Chorley feels the pressure on ever-increasing targets for housing
Housebuilding targets in Chorley could see a hike, putting yet more pressure on the area's already struggling infrastructure.
It comes as a Government consultation could mean the borough might be slapped with the highest housing target to hit in Lancashire.
Chorley Council is the only district in the county to consistently hit its government target for new homes built each year and the authority now fears it may have to provide even more housing, putting intolerable pressure on local services.
Now leader of Chorley Council, councillor Alistair Bradley, is urging the Government to take the authority’s views on board amid fears that Chorley could become a victim of its own success.
The plea comes after the authority successfully defended an appeal against its decision to refuse 165 homes on Pear Tree Lane, in Euxton, much to the relief of residents living nearby.
Coun Bradley said: “When we speak to residents one of the biggest concerns they have is the number of new homes being built in Chorley and the pressure it is putting on things such as schools, doctors surgeries and the roads.
“We’ve been consistently hitting our house building targets and it’s time some of the other boroughs in Lancashire took some of the burden.
“The latest housing consultation to come from the Government does the exact opposite and is actually looking to drastically increase our numbers – not only will we have the highest target in the county we will also be the only local authority in Lancashire to see an increase in our target.
“Then we have other parts of the county, such as East Lancashire, which wants to encourage more development and their targets are going to remain low, it’s absolute madness.”
The government’s consultation ‘Planning for the right homes in the right places’ looks at accelerating housebuilding across the country and will see changes to housebuilding targets, which currently sees Chorley having to provide 417 new homes per year.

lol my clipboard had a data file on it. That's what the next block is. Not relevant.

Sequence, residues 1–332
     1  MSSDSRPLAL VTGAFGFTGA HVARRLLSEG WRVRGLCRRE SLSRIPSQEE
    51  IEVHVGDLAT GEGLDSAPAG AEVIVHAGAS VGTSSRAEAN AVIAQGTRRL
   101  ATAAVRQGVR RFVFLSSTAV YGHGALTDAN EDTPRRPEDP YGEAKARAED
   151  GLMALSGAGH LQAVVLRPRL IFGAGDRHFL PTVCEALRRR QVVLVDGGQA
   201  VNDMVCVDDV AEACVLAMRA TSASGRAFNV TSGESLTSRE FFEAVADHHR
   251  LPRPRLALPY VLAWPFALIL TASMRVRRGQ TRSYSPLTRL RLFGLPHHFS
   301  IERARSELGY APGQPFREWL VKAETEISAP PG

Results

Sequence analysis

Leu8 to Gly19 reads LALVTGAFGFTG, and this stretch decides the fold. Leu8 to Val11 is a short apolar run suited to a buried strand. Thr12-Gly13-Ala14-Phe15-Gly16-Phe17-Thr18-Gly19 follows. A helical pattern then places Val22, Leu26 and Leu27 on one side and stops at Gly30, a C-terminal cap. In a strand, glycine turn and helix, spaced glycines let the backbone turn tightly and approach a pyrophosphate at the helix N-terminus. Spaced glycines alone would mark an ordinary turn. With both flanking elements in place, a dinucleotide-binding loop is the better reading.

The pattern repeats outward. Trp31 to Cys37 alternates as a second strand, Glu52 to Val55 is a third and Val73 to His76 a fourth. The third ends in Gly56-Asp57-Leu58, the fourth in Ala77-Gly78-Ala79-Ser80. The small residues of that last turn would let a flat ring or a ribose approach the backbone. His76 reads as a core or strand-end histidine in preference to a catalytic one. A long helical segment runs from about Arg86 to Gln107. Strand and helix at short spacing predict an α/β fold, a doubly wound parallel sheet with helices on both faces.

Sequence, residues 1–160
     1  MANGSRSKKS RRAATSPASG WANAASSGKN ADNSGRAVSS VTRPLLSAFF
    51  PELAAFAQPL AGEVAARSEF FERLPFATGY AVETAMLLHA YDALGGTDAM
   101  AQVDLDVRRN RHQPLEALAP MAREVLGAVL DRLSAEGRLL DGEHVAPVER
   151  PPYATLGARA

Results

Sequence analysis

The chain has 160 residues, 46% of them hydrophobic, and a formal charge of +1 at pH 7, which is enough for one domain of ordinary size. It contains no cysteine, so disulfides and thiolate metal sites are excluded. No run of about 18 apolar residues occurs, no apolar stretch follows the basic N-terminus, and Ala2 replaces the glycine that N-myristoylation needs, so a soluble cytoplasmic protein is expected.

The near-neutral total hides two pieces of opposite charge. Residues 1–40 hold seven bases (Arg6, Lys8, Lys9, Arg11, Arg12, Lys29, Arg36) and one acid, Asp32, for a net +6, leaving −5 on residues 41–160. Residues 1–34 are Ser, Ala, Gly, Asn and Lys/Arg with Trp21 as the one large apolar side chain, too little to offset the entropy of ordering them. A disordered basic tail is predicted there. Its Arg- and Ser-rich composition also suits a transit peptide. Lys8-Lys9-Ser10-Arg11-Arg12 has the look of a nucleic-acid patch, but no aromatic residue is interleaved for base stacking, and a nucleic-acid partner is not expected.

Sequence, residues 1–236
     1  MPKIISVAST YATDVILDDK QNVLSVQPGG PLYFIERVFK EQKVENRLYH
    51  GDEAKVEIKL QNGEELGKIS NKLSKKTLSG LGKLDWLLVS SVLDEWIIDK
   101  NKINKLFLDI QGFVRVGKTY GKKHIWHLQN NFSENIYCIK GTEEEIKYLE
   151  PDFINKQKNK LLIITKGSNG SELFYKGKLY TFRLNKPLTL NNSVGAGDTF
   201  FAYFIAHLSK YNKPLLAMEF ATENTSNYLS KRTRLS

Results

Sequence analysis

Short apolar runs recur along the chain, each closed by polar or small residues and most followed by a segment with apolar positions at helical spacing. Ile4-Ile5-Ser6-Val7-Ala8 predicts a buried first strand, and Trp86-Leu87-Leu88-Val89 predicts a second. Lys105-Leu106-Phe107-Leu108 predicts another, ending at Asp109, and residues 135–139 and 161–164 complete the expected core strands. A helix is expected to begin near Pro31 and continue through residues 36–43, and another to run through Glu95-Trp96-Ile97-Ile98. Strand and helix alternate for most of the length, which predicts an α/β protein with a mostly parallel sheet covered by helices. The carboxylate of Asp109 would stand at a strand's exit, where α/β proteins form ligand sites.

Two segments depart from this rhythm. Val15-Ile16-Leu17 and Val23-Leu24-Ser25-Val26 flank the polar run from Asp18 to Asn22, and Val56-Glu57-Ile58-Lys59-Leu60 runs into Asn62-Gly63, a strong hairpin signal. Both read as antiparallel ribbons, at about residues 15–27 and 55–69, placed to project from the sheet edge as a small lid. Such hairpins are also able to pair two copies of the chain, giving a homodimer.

The authority has been able to maintain this pace of growth but is deeply concerned about future projections, which could see that rise to 634 new homes per year.
“What’s happening is we’ve got people looking at numbers on a sheet of paper in London and perversely thinking that those who have been able to build lots of houses so far are able to deliver yet more and it’s unfair to both us and others,” said coun Bradley.
“We don’t mind doing our bit but we need the infrastructure first, so new schools, more health centres etc. It’s like looking at those who have got the biggest balloon and asking them to blow it up a bit more - at some point it will pop.
“We successfully defended the planning appeal for Pear Tree Lane and my fear is if we have to build even more homes it will mean we will have to look at allocating more land in rural areas or even Green Belt land because we will struggle to provide the housing supply in our urban centres.
“It’s important that the government does what it is telling us and let local people decide where new homes should be built but my experience tells me they will say one thing and do another.”
Meanwhile, in Preston, housebuilding rates in the area have increased dramatically since the start of the city deal.
However coun Peter Moss, cabinet member for planning and regulation, at Preston City Council says that this in line with what the authority wants for Preston’s future.
The ‘Planning for the right homes in the right places’ consultation could see the city’s housing target increase by 282 each year.
Coun Moss said: “The housebuilding targets are minimum requirements, the aspirations in the city deal are to build more than the minimum, taking advantage of the demand in the area and economic growth.
“The key to the city deal is, in line with the local plan strategy, to provide sustainable development. It does this by putting in the necessary infrastructure such as roads, improved open spaces and parks, schools and providing local employment and training opportunities.”
For the authority in Preston housebuilding is part and parcel of growing the city in order to create a more vibrant centre and improve the economic opportunities to attract more residents.
Coun Moss said: “Improving the city centre is seen as key to making Preston a successful place where people will want to live, work and visit. Examples include the new Preston Markets, Bus Station, enhanced public realm such as Fishergate, Lancaster Road and Tithebarn Street, improvements to Winckley Square and the UCLan campus masterplan. The city living strategy has really taken off and there are a significant number of residential schemes coming forward in the city centre.
“Whilst the council is not currently proposing to build houses directly, it is using developers’ financial contributions to provide affordable housing by converting empty properties. The first scheme is planned to start this year investing £400,000. In addition, affordable housing is being built within private housing schemes, as required by the council through its planning policy.”